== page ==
Cocoa Prices Have Crashed but Smugglers Are Still Making Money
Much of Jamilatu Mohammed’s harvest of cocoa beans is sitting in a storage shed near her dilapidated mud house along Ghana’s western border when it should be on its way to factories of chocolatiers like Nestle SA.
The mother of two and other small growers in the world’s no. 2 producer represent the casualties in a global price slump triggered by traders in London and Singapore and aggravated by bureaucrats in distant African capitals.
Cheaper beans from neighboring Ivory Coast, the biggest supplier, are flooding the local market and luring the Ghanaian state-licensed agents who were essentially her only customers.
“Things have never been this hard,” Mohammed, 33, said while drying a batch of ripened reddish-orange beans on a makeshift work station made of bamboo sticks outside the family home, her four-year-old son by her side. “We know the purchasing clerks are going to the border with trucks to buy cheaper cocoa from Ivory Coast.”
The big cocoa harvest starting in October is set to make things worse. The cocoa board barely earns enough to purchase beans at a more than 33 percent premium on Ivory Coast crop and the nation is struggling to narrow its budget deficit even with International Monetary Fund help. That reveals a risk investors who drove Ghana’s junk-rated Eurobonds to record highs this year may be ignoring.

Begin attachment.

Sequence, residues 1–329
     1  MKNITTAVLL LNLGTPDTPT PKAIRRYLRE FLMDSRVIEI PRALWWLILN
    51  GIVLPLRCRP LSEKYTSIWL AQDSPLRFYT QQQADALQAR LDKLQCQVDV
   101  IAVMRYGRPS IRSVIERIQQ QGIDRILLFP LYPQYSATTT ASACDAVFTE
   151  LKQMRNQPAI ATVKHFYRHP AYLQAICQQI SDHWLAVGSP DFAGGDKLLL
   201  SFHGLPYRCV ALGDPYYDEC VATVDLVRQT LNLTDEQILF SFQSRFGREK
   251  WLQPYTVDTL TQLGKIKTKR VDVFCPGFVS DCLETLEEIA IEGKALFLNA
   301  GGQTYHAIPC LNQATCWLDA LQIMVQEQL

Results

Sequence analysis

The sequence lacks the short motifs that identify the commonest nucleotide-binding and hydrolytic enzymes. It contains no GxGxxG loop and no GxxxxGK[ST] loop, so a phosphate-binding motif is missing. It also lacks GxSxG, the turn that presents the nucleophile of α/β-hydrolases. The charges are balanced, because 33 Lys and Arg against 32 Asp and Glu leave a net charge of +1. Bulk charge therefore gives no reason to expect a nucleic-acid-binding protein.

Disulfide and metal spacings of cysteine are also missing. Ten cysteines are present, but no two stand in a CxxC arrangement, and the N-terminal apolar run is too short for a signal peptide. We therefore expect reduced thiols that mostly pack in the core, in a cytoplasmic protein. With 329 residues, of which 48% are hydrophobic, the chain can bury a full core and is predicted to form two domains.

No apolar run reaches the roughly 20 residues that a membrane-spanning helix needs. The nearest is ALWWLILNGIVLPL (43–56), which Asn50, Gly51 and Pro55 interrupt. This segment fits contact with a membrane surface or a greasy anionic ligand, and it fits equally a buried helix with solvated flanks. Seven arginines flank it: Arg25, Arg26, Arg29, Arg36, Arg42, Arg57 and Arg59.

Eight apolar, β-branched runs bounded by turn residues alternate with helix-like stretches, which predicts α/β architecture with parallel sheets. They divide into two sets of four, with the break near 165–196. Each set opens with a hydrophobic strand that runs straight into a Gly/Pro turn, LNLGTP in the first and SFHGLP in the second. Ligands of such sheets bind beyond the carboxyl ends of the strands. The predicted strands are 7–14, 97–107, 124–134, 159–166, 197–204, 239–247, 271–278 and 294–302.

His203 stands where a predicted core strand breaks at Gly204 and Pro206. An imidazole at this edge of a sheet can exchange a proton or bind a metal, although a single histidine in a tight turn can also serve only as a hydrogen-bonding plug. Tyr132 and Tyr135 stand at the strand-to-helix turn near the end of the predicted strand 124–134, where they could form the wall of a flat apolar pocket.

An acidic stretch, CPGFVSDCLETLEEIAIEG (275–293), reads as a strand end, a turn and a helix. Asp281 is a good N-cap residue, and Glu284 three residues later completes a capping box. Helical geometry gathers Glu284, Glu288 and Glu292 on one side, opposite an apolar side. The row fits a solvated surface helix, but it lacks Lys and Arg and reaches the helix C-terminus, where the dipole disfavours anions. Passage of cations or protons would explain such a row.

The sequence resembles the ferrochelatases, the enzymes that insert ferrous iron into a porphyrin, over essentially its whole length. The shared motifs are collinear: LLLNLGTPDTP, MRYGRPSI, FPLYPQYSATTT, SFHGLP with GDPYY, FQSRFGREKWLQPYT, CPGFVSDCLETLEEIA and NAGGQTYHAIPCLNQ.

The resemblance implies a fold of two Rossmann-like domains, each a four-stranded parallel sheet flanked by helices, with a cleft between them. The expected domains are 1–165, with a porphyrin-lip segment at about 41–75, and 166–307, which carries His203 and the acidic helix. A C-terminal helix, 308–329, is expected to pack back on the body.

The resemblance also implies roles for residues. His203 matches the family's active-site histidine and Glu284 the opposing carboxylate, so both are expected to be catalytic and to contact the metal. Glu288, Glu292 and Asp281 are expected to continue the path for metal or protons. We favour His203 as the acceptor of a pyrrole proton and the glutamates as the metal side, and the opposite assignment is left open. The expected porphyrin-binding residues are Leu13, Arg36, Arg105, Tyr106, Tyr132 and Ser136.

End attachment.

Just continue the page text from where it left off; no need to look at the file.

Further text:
It’s almost impossible to monitor the scale of illicit trading between the countries supplying 60 percent of the world’s cocoa because their borders are porous. Ivory Coast’s cocoa regulator estimates about 70,000 tons of beans were smuggled into Ghana this season, equal to at least 7 percent of Ghana’s annual production. People familiar with the trade forecast that figure will multiply with the next crop.
In Yakasi, the village where Mohammed and her husband run a small cocoa tree plantation, dozens of the Ghanaian middle men cross the border by truck or motorbike to haul in beans officially priced at $80 per 64-kilogram bag. They then sell it to the Ghana Cocoa Board whose farmgate price is $107 a bag and pocket the difference, increasing the strain on a body that’s already 10 billion-cedi ($2.25 billion) in debt.
Several agents and farmers, including Mohammed, told Bloomberg in July they hadn’t been paid in months because of the board’s financial troubles. The regulator may have cleared that backlog with funds raised on local bond markets and an annual harvest loan from banks including Societe Generale SA and Deutsche Bank SA.
“Ghana’s already overstretched and anything that exacerbates that weakness is going to be a concern,” said Stuart Culverhouse, the London-based head of sovereign and fixed-income research at Exotix Capital, which recommends holding Ghanaian bonds.
There’s a long history of smuggling between the two countries, yet rarely so prolific. Years of raising the fixed price paid to farmers before the harvest encouraged growers in Ivory Coast to plant new cocoa trees. With many now mature enough to yield crop, there’s little relief to a global surplus Citigroup Inc. predicts will amount to 70,000 tons next season.